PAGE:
Do you know which leads should be mostly positive, negative, biphasic, have specific waves? Do you fully understand R wave progression? How about axis deviation? That stuff is just the absolute basics. Now try and draw subtle ischemic changes according to which coronary arteries are blocked. How about a Posterior MI? De Winters T waves? Wellens sign? Progression of hyperkalemia? How about Hypokalemia? Can you spot an MI in LBBB, LVH or using Sgarbossa criteria or Smith modified Sgarbossa criteria?
4. Know how to use all the equipment in your ambulance thoroughly
Everyone sucks at the IV pump when they first start (if your ambulance does not have an IV pump by 2017, quit). Learn how to set up infusions, piggy back infusions, drive lines, etc.
Know all the functions on your cardiac monitor. Know how your monitor expects you to place the limb leads (this is important). The Zoll I work with expects the limb leads on the limbs. The local hospital has a machine that expects the limb leads on the core. Know your equipment because it can change the way the 12 lead looks. Figure out how to pace someone, perform sync cardioversion, defibrillate, use the pacer magnet, set BP timers, use the invasive blood pressure monitoring devices, figure out how to zero an art line transducer.
Know how to use your suction the right way. Look up S.A.L.A.D. (suction assisted laryngeal airway decontamination).
Hopefully your service has done away with longboards, how are you with the scoop stretcher?
Not knowing how to use your glucometer is a sure way to look stupid....
If you only learned how to place an IO line into the tibia, your teacher shorted you some valuable information. Placing an IO into the humerus gives you the ability to infuse with the reliability and distribution of a central line! Learn proximal humerus placement!
5. You need to have a study plan
Everyone has a plan to study medicine after paramedic school... Most people never do it. They go off of the already outdated medical information they learned from their dusty paramedic instructors (this goes for any medical profession). There are all kinds of recommendations for your first year. Try reading a recent copy of Rosen's emergency medicine over the course of your first year. For a paramedic, you will find lots of terms and measurements that you are not familiar with. If you educate yourself on these things, you will be way ahead of most first year paramedics. There will be lots of chapters that you will think 'this does not apply to EMS at all.' The more restricted to EMS paramedics keep their knowledge level, the more useless we will be as a practitioner as our scope of practice continues to expand. Don't be ignorant. Educate yourself about every aspect of emergency medicine.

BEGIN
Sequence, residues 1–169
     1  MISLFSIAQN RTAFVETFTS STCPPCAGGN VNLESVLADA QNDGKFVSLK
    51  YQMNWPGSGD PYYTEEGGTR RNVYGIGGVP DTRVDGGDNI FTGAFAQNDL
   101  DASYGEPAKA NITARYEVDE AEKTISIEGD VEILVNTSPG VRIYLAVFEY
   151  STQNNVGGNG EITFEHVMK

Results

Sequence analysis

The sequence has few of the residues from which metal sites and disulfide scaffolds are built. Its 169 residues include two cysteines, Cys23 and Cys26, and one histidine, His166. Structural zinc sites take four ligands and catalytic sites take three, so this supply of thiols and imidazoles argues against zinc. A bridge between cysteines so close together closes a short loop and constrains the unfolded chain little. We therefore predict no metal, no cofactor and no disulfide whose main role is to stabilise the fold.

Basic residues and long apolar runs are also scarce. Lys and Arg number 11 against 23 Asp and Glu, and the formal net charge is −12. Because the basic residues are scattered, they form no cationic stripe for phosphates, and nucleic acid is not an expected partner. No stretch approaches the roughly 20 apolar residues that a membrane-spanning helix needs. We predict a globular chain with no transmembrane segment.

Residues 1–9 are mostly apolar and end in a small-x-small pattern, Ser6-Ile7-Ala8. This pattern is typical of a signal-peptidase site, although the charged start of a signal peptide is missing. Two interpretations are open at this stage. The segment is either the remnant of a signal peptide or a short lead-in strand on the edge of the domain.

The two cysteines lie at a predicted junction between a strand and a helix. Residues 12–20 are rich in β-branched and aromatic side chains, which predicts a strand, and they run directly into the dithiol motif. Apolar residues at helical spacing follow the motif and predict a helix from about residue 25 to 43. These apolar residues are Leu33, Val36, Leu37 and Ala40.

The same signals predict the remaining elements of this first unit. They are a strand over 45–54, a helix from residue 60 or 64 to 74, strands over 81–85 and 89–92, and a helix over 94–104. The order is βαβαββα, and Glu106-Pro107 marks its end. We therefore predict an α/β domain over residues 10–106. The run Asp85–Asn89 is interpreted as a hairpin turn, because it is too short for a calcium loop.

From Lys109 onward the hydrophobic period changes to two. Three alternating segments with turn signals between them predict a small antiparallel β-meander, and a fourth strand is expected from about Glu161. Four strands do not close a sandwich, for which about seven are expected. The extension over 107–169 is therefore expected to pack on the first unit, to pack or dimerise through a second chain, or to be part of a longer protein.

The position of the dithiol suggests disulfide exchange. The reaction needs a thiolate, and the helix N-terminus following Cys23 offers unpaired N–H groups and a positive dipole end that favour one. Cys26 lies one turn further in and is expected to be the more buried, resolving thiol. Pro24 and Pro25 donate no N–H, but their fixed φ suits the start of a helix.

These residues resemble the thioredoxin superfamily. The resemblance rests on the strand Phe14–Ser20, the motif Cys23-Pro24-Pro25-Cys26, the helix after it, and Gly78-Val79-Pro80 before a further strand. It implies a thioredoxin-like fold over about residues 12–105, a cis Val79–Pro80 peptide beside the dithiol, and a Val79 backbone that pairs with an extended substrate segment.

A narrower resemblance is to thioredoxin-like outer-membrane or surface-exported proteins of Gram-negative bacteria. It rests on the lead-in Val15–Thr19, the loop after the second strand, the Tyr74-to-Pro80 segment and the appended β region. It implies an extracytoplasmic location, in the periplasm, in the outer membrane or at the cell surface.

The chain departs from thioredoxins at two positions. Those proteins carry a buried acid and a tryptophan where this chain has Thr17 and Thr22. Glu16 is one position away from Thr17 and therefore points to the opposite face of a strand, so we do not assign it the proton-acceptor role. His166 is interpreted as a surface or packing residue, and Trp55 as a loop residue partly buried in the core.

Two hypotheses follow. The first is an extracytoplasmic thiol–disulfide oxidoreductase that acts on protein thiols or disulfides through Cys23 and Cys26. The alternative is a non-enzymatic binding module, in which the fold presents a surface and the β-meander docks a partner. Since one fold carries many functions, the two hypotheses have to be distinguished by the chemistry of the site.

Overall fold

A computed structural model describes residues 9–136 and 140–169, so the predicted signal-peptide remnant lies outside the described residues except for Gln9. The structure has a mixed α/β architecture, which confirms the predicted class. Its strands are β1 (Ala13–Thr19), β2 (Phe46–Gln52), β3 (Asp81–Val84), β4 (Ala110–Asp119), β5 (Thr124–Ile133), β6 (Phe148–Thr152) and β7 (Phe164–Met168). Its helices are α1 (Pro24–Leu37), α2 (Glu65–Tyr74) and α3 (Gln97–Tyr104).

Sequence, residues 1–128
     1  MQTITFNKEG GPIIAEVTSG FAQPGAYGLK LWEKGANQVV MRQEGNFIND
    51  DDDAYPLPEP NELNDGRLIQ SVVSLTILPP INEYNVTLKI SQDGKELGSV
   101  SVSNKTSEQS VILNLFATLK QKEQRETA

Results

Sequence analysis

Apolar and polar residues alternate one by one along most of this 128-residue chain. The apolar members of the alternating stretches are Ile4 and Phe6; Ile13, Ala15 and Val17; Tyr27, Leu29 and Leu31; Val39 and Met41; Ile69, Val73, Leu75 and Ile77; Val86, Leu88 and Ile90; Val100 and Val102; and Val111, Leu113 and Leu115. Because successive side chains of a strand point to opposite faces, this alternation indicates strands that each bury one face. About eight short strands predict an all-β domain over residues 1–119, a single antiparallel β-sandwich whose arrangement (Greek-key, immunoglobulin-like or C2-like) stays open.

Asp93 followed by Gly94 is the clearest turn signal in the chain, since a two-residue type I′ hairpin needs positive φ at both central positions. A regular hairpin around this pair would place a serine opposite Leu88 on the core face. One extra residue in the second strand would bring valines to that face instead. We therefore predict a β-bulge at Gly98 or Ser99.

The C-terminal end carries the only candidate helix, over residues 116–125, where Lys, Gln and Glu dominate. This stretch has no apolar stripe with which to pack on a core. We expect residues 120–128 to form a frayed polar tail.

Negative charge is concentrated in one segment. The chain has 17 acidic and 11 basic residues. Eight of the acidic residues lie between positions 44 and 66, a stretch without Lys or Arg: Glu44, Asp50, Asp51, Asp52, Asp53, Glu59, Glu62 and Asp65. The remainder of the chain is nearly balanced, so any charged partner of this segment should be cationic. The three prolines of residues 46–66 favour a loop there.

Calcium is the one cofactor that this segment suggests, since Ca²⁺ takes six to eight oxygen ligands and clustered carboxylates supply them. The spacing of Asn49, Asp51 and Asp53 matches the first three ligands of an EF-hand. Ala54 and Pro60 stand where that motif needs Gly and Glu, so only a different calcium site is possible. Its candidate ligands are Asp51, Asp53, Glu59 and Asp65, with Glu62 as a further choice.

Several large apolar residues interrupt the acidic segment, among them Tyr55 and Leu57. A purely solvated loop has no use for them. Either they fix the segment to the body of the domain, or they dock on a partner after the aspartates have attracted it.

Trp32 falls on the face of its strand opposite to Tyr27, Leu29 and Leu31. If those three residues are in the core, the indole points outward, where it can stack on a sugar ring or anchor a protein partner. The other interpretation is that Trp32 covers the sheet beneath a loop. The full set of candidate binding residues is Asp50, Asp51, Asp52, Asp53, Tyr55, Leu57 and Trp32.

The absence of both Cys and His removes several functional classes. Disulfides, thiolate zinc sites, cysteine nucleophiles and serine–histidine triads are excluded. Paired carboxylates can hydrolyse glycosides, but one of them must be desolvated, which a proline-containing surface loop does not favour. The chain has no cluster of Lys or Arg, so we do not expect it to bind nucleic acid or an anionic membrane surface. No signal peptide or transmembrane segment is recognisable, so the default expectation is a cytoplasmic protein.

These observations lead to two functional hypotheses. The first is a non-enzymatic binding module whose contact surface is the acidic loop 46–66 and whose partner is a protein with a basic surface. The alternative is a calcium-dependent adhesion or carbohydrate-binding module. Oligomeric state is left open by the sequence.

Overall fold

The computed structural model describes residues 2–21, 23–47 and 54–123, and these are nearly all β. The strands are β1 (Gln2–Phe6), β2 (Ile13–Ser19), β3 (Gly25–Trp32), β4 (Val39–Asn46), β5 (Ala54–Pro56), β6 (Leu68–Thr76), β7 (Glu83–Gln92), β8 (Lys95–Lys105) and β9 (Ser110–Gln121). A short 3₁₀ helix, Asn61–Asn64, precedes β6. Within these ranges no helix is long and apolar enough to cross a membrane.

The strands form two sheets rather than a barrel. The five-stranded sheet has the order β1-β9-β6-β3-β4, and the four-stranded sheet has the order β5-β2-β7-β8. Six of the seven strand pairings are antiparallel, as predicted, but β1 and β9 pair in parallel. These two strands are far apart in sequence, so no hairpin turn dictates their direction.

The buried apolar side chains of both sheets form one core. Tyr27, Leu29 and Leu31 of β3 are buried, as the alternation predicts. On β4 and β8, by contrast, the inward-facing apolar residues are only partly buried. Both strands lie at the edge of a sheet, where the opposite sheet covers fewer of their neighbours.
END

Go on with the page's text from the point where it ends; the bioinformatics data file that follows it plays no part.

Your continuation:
If you don't want to study that book, study topics. Shock should be your first topic.
Figure out how to detect, diagnose, and treat these forms of shock appropriately.
Once you graduate paramedic school, your real education can begin! For good or for bad, you will be defining your own practice of medicine. I am still surprised to this day the amount of new paramedics I meet who cannot do simple things like medication math or properly interpreting an ECG. Don't be that person! Try to have goals like the ones I've outlined here, and make your practice one of evidence based medicine!